Monday, March 07, 2011

Benghazi is Not Enough

"A serious misunderstanding", that's what William 'I've never shared any hotel rooms with young homosexuals' Hague says the recent debacle in Libya involving UK 'special forces' and 'diplomats', was. I think that when a group of supposedly crack soldiers get themselves 'arrested' by farmers after being secretly flown in by helicopter, it constitutes a bit more than a 'misunderstanding', serious or otherwise. Cock up, is one description which comes to mind. Actually, I doubt very much that any of the detained men were really from the SAS - I've seen Ultimate Force, and I never saw Ross Kemp surrender to a bunch of farmers. My money is on them being from the Secret Intelligence Service (SIS), most likely Double O agents on a mission to whack Qaddafi. The giveaway was when they unloaded an Aston Martin from the back of the Chinook which landed them in Libya. That's probably the misunderstanding Hague was on about - the fact that the SIS still hasn't got the Aston Martin back. Even as we speak, some Libyan farmer is driving it around Benghazi with a couple of goats in the back, inadvertently blowing up cattle sheds with missiles every time he pressed what he thinks is the cigarette lighter.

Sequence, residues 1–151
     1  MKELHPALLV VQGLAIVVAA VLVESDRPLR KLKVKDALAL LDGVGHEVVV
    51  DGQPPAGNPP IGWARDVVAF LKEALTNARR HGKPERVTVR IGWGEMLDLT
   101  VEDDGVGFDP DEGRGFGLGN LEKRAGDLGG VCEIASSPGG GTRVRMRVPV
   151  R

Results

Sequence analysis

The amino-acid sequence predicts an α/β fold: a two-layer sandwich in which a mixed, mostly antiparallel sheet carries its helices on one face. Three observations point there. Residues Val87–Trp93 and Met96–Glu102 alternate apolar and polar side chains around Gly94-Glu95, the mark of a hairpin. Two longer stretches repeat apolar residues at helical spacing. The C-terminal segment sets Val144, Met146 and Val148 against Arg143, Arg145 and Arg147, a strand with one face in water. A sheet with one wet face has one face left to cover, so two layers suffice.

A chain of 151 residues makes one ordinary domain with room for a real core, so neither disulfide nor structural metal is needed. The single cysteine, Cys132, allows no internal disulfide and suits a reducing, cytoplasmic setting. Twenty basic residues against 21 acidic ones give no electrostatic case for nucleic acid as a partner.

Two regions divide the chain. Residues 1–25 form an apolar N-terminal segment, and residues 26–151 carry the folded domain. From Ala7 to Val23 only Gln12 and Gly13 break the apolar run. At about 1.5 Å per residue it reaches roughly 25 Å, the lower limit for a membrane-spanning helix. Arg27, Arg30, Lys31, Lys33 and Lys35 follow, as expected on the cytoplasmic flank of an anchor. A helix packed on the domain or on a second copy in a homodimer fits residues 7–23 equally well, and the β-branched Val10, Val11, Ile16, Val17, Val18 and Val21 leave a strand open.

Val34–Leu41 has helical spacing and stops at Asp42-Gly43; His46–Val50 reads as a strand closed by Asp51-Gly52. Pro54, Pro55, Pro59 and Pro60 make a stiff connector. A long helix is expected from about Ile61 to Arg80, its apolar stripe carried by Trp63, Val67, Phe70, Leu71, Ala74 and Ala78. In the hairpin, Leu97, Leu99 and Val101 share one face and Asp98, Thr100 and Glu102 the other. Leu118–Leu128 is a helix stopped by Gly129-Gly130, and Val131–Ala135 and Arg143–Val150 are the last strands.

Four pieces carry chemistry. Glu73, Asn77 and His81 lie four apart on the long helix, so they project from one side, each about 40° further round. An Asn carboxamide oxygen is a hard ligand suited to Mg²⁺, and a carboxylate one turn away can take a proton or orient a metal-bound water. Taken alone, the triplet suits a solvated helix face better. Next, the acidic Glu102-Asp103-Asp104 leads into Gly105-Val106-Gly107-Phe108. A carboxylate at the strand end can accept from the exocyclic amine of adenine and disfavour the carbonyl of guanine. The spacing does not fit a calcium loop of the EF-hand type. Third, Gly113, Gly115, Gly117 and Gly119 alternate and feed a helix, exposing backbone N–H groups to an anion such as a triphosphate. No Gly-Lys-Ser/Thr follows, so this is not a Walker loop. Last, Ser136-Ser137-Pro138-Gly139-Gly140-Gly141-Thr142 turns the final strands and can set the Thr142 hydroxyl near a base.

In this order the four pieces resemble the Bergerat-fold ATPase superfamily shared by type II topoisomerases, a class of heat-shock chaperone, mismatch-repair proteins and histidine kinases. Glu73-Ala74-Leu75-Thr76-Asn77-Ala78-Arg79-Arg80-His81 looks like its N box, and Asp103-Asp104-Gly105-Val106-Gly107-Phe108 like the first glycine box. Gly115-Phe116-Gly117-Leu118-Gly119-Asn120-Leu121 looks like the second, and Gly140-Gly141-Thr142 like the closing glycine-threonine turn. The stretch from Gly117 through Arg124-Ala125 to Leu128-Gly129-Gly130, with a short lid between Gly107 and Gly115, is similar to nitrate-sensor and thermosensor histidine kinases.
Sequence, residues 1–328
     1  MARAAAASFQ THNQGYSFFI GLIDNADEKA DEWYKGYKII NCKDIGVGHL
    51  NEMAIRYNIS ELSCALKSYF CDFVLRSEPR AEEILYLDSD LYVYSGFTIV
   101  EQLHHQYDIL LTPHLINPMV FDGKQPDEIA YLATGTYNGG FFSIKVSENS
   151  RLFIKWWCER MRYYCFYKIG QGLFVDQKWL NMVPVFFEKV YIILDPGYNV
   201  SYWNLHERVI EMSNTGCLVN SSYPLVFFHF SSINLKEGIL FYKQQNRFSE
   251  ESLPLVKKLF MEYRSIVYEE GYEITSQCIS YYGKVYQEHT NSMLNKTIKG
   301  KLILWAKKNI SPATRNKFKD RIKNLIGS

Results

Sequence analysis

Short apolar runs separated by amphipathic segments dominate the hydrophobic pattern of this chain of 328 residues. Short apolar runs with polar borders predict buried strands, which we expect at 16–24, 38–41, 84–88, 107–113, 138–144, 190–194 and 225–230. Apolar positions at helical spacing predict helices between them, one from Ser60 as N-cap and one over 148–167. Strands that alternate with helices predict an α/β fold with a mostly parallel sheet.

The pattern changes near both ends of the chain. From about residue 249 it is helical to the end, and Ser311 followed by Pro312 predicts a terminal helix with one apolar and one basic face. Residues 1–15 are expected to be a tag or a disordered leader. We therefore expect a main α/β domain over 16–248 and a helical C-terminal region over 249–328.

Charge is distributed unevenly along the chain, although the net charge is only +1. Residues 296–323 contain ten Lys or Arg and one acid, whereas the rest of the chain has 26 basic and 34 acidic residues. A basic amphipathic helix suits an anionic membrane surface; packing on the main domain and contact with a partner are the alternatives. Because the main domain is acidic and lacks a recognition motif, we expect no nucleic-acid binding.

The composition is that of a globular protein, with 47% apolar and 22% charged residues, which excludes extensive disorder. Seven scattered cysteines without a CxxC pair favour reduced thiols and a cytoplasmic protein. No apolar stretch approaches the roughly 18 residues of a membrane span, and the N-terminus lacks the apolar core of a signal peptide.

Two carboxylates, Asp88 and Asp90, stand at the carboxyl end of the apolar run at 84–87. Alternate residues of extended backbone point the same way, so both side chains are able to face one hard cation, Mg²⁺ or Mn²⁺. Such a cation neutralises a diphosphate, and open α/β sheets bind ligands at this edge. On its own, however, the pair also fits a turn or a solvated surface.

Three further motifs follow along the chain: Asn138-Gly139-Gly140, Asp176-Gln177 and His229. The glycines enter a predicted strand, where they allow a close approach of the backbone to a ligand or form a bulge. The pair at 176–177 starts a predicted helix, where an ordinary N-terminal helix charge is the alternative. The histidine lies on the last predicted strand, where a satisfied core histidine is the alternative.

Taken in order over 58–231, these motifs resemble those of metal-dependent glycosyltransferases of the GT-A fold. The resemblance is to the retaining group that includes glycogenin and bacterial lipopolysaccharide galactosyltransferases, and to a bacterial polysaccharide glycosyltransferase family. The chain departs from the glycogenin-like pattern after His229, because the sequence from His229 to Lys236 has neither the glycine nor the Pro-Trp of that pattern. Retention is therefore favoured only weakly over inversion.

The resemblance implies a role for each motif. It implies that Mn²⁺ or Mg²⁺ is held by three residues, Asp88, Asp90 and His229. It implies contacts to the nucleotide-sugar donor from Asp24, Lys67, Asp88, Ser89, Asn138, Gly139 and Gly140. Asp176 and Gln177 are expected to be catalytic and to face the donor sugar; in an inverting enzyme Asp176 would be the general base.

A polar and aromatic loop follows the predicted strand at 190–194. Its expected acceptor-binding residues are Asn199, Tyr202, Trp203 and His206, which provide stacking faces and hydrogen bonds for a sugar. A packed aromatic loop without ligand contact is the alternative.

Quite why they needed to send an entire team into Libya in the first place is a mystery to me, or, indeed, why the government than had to engage in all that humiliating 'diplomacy' to get them back. Unless the world of espionage cinema has lied to me, standard practice is to send in a single man, particularly for retrieval missions. Having watched Taken when it was on TV the other night, I'm left puzzled as to why Hague didn't just send a middle-aged Irishman into Libya to single-handedly beat the shit out of anyone getting in his way as he tried to locate the captured intelligence team. A slight digression here, I was very impressed by the way Liam Neeson never varied hos accent in that film, regardless of whether he was meant to be an former (presumably American) CIA agent, impersonating a French security official and later a French policeman. He played them all with a Northern Irish accent. All power to the man for refusing to do daft accents. Anyway, getting back to the point, I'm betting that the SIS were left wishing that they hadn't already pensioned their top man off as part of the latest round of government spending cuts. Even now, I can imagine their frenzied search for James Bond, formerly 007, in the hope that he'd agree to go into Libya on a one-off consultancy basis to try and retrieve the situation, eventually finding him comatose and trouser less on the floor of some seedy Soho strip bar, P45 clutched in hand, where he'd just blown his redundancy payout. As it turned out, of course, the situation ended up being resolved before they could sober him up.

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